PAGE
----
about as well."

In my boyhood days I was permitted to attend the sessions of the Circuit Court one week, twice a year. The first time I enjoyed the privilege I saw Mr. Lincoln and the gallant Col. E. D. Baker engaged in defence of a man charged with the crime of murder, That great trial, especially the defence hy those great lawyers, made an impression on my mind which will never be effaced.

Late in 1846, when Mr. Lincoln became the Whig candidate for Congress, I heard him deliver a political speech. The county in which my father and family resided was a

part of his Congressional district. When Mr, Lincoln came to the county my father met him with his carriage and took him to all his appointments. I went to the meeting nearest my home; it was an open-air meeting in On being introduced Mr. Lincoln began his

a grove'
speech as follows:


Ever since I have been in Tazewell county my old friend Major Cullum has taken me around; he has heard all my speeches, and the only way I can fool the old Major and make him believe I am making a new speech is by turning it end for end once in awhile.

"I knew him at the bar, both when I was a boy and afterwards when I came to the practice of the law in the capital of Illinois, his home then, mine now. I knew him in the private walks of life, in the law office, in the court room, in the political campaigns of the time, and to the close of his great career. I knew him as the leader of the great Republican party, when, as now, it was full of enthusiasm for liberty and equal rights, when the platform was, in substance the declaration of independence, and he was its champion.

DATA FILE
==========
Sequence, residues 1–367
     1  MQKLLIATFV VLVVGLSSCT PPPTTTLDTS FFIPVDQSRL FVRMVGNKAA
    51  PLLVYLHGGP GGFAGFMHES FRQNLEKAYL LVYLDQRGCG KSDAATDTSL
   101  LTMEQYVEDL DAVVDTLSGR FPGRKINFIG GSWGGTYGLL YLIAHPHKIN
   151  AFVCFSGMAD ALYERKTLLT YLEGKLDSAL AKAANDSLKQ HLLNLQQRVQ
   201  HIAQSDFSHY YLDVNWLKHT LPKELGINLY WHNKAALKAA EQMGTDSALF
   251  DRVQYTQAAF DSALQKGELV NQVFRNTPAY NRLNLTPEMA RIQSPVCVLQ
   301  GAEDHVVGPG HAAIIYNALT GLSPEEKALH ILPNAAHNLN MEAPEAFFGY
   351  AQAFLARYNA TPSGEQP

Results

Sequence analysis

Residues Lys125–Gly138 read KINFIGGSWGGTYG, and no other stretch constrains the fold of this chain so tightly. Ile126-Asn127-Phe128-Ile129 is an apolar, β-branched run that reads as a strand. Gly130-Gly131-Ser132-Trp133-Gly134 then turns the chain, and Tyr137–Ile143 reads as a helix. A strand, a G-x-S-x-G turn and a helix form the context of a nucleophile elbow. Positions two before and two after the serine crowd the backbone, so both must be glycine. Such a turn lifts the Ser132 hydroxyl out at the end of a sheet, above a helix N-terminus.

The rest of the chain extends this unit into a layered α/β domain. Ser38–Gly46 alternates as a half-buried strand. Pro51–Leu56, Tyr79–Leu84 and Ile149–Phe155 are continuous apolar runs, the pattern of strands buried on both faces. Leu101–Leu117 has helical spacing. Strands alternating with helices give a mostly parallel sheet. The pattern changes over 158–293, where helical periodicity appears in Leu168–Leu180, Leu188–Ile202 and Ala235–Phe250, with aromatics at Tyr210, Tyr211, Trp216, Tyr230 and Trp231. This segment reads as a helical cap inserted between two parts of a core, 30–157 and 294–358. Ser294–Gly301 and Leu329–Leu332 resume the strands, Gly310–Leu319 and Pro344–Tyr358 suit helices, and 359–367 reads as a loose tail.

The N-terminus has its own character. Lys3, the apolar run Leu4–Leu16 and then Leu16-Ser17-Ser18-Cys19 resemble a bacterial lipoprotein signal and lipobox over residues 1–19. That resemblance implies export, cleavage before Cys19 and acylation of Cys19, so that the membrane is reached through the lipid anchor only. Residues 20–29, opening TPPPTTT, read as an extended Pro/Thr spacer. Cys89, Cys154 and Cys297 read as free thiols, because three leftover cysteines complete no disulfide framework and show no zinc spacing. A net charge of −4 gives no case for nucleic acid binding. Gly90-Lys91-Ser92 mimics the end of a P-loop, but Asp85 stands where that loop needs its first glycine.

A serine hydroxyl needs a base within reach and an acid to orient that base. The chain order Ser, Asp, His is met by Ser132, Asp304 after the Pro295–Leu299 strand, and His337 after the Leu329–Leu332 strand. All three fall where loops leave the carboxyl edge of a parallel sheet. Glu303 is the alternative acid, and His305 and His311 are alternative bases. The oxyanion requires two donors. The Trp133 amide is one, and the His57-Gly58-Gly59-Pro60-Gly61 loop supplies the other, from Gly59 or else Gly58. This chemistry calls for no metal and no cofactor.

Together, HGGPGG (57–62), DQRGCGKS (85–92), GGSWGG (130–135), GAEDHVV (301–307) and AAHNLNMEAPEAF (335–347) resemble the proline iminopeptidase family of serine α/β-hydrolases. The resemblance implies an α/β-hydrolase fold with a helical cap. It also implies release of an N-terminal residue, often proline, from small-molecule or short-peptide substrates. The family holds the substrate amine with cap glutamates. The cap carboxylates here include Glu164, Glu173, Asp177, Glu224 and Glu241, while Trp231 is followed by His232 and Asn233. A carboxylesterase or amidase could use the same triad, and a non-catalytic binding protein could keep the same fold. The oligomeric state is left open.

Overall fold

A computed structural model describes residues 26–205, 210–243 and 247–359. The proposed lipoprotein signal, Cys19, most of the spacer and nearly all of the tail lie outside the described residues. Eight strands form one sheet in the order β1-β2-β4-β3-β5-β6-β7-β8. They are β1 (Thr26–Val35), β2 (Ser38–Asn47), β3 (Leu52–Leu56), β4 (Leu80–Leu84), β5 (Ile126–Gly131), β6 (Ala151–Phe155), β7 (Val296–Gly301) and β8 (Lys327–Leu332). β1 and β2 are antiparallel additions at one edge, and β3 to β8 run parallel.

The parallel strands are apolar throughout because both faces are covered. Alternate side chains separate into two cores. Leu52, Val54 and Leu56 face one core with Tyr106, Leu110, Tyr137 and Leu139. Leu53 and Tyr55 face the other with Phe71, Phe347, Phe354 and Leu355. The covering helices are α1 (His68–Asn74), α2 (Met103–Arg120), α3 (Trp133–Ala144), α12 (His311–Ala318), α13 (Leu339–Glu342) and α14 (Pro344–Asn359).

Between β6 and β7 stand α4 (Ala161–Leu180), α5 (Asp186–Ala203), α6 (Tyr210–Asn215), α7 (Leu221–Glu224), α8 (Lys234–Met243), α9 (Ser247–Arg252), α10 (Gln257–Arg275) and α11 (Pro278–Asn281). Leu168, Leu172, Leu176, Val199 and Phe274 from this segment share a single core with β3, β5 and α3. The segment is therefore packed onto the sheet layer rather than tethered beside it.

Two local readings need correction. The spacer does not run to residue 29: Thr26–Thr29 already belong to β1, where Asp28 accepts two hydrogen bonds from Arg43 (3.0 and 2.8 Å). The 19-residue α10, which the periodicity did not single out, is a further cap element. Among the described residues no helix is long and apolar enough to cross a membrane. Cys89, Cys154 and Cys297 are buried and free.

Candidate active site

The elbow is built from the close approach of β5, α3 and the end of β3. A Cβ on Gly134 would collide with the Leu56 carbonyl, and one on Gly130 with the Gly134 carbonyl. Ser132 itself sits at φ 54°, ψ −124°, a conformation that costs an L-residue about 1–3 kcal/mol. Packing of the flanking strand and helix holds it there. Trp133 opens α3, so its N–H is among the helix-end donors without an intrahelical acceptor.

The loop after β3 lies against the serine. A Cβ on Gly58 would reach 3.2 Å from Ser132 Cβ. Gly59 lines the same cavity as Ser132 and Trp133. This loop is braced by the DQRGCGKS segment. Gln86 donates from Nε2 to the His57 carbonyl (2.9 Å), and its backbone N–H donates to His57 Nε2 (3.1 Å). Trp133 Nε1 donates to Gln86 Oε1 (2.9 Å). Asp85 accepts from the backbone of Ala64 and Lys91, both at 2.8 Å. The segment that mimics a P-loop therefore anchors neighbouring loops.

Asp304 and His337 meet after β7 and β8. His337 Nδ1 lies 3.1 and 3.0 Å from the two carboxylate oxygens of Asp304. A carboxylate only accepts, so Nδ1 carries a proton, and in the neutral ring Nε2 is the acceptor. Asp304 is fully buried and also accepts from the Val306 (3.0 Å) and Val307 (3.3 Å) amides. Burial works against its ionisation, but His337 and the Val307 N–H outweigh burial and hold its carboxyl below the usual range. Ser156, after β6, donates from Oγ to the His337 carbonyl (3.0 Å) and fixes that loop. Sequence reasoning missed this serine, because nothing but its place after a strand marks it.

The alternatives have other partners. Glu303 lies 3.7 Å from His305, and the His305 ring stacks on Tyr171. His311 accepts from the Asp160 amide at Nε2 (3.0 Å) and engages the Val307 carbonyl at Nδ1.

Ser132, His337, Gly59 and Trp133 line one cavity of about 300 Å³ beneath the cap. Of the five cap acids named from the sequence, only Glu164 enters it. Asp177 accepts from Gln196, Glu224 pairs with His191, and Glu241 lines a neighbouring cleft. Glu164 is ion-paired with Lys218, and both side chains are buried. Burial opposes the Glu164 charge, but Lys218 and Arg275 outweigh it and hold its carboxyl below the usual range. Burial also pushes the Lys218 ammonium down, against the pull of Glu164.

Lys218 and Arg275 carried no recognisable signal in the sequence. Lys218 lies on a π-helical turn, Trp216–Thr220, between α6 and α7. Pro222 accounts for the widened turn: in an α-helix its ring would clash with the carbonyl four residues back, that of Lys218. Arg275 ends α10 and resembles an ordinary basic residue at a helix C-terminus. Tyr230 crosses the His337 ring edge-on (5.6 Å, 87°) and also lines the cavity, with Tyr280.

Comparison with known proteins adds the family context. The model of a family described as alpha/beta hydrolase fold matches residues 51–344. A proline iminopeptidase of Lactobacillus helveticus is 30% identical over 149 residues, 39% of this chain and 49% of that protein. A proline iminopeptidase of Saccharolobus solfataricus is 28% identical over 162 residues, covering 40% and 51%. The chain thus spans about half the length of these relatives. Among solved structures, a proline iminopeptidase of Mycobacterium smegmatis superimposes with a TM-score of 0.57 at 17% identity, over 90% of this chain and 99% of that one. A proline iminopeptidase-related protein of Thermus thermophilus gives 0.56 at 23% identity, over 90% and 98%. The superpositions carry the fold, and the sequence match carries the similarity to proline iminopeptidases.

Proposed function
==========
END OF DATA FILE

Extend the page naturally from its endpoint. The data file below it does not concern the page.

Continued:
"He believed in 'preserving the jewel of liberty in the family of freedom.' Aye, he believed in making the American people one great family of freedom.

"I heard much of the great debate between him and Douglas, the greatest political debate which ever took place in America. I heard him utter the memorable words in the Republican Convention of my State, in 1858.

"A house divided against itself cannot stand. I be

lieve this Government cannot permanently endure half slave and half free. I do not expect the Union to be dissolved-I do not expect the house to fall, but I do expect it will cease to be divided. thing or all the other

"What words of wisdom!

It will become all one

He could look through the

veil between him and the future and see the end. It is said that before this great speech was delivered he read it to friends, and all of them but one advised against its delivery. With a self-reliance born, of earnest conviction he said the time had come when these sentiments should be uttered, and that, if he should go down because of their utterances by him, then he would go down linked with the truth.

"It lifts up and ennobles mankind to hear and study brave words of truth uttered by great men. 'Let me die in the advocacy of what is just and right,' he said again.

"In these days of apparent shallow convictions on many subjects; days of greed for wealth, of rushing for the mighty dollar, is it not well to pause and think over the lives of great men of our own country and the world? We are now in the very shadow of the death of a great and good man-George W. Childs-just passed away. A man who lived to do good; to make the pathway of his fellows smoother and easier; a great hearted philanthropist whose fame is world-wide, and will endure as long as sympathy and generosity are found in the human


"Mr. Lincoln was a great debater, as was Douglas. They often met in debate. On one occasion Douglas